We put an agreement in place that actually provides security for this industry. We have some rough road ahead, but we are in the negotiation process. We think we are right, and we are going to stand up and defend the industry.

Forestry IndustryOral Questions

11:30 a.m.

Liberal

Marcel Proulx Liberal Hull—Aylmer, QC

Mr. Speaker, the Conservative government told us that it had bought peace for seven years.

Yesterday, seven months later, the president and general manager of the Quebec Forest Industry Council, Guy Chevrette, estimated that nearly 100 sawmills in Quebec would soon close their doors.

Sawmills in Parent and Launay have already closed, and other closures are expected in Raguenau and Forestville.

Does this government have the nerve to tell the hundreds of workers who are now unemployed that its surrender to the Americans was the right answer?

Forestry IndustryOral Questions

11:30 a.m.

Jonquière—Alma Québec

Conservative

Jean-Pierre Blackburn ConservativeMinister of Labour and Minister of the Economic Development Agency of Canada for the Regions of Quebec

Mr. Speaker, even though forest management is more the responsibility of the Government of Quebec, I will say that the department I head, the Economic Development Agency of Canada for the Regions of Quebec, does not get involved in primary processing.

However, secondary and tertiary processing is something that does concern us and that we do support for the regions of Quebec. In light of this forestry crisis, I want to stress the importance of diversifying economic activity throughout the regions of Quebec. That is why we recently introduced six new tools to help the regions of Quebec turn a corner.

Forestry IndustryOral Questions

11:30 a.m.

Liberal

Marcel Proulx Liberal Hull—Aylmer, QC

Mr. Speaker, we predicted that this would happen. It would seem that the American industry is using our producers' money to weaken them further.

On March 30, U.S. trade representative Susan Schwab said that our neighbours to the south now consider road construction in forest regions and even regional economic development programs as illegal subsidies.

Will this government defend the thousands of Quebeckers who depend on forestry or will it again capitulate to its Republican masters in Washington?

Forestry IndustryOral Questions

11:30 a.m.

Jonquière—Alma Québec

Conservative

Jean-Pierre Blackburn ConservativeMinister of Labour and Minister of the Economic Development Agency of Canada for the Regions of Quebec

Mr. Speaker, the question of roads is more a provincial responsibility. Quebec, like the other provinces, knows that we cannot intervene at the primary processing stage in forestry, any more than in the fisheries.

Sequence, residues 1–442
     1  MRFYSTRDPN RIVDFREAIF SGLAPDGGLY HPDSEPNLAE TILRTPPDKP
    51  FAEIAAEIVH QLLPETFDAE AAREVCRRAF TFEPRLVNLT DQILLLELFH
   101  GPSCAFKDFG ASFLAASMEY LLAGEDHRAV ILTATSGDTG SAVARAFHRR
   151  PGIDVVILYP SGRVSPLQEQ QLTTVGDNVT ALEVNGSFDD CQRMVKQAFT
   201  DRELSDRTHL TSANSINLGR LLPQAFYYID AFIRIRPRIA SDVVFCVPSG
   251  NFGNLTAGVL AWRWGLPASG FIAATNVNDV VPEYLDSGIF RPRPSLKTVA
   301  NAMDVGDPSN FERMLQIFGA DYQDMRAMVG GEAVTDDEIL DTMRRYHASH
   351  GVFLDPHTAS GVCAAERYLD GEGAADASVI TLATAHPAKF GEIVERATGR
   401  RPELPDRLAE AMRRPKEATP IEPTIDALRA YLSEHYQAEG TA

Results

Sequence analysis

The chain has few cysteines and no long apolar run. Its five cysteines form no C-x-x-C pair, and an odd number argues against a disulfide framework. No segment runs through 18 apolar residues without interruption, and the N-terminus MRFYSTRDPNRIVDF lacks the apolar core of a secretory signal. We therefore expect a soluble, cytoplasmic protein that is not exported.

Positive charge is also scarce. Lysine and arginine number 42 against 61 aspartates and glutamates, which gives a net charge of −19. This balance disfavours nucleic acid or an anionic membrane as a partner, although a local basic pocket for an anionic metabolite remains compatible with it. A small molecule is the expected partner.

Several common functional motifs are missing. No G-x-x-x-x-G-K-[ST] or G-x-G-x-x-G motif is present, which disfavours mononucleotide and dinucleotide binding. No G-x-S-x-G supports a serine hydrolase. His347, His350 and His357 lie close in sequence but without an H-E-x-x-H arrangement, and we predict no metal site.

I want to remind this House about all the support the Economic Development Agency of Canada provides for economic diversification in the regions of Quebec, including the CEDI-Vitality program, which allows business owners to receive both repayable contributions—loans—and non-repayable contributions in order to expand or to create new businesses.

Agriculture and Agri-foodOral Questions

11:30 a.m.

Bloc

Serge Cardin Bloc Sherbrooke, QC

Mr. Speaker, this morning, the Secretary of State for Agriculture made a speech to members of the Canadian Produce Marketing Association, while, paradoxically, the federal government is considering raising the acceptable chemical residue limit on hundreds of fruits and vegetables sold in Canada, in response to pressure from the Americans.

Can the Minister of International Trade promise that from now on the standards for both countries will be the highest possible standards?

Agriculture and Agri-foodOral Questions

11:30 a.m.

Cypress Hills—Grasslands Saskatchewan

Conservative

David Anderson ConservativeParliamentary Secretary to the Minister for the Canadian Wheat Board

Mr. Speaker, I think that this issue has been addressed over the last few days by the Minister of Health. He made it very clear that the standards we have in this country will be the highest possible standards. They will protect our citizens and consumers. Canadians will not have to worry about the safety of their food.

Agriculture and Agri-foodOral Questions

11:30 a.m.

Bloc

Serge Cardin Bloc Sherbrooke, QC

Mr. Speaker, Richard Aucoin, Chief Registrar of the Pest Management Regulatory Agency, the organization responsible for this reform, thinks that this is a normal harmonization process being carried out under NAFTA.

Does the minister really think that lowering Canada's requirements is part of a normal and desirable harmonization process?

Agriculture and Agri-foodOral Questions

11:35 a.m.

Cypress Hills—Grasslands Saskatchewan

Conservative

David Anderson ConservativeParliamentary Secretary to the Minister for the Canadian Wheat Board

Mr. Speaker, I will repeat what I have said and what the Minister of Health has said. Canadian citizens are being protected with the highest standards. They do not have to worry about the safety of their food because this country has one of the best food safety programs and agencies in the world.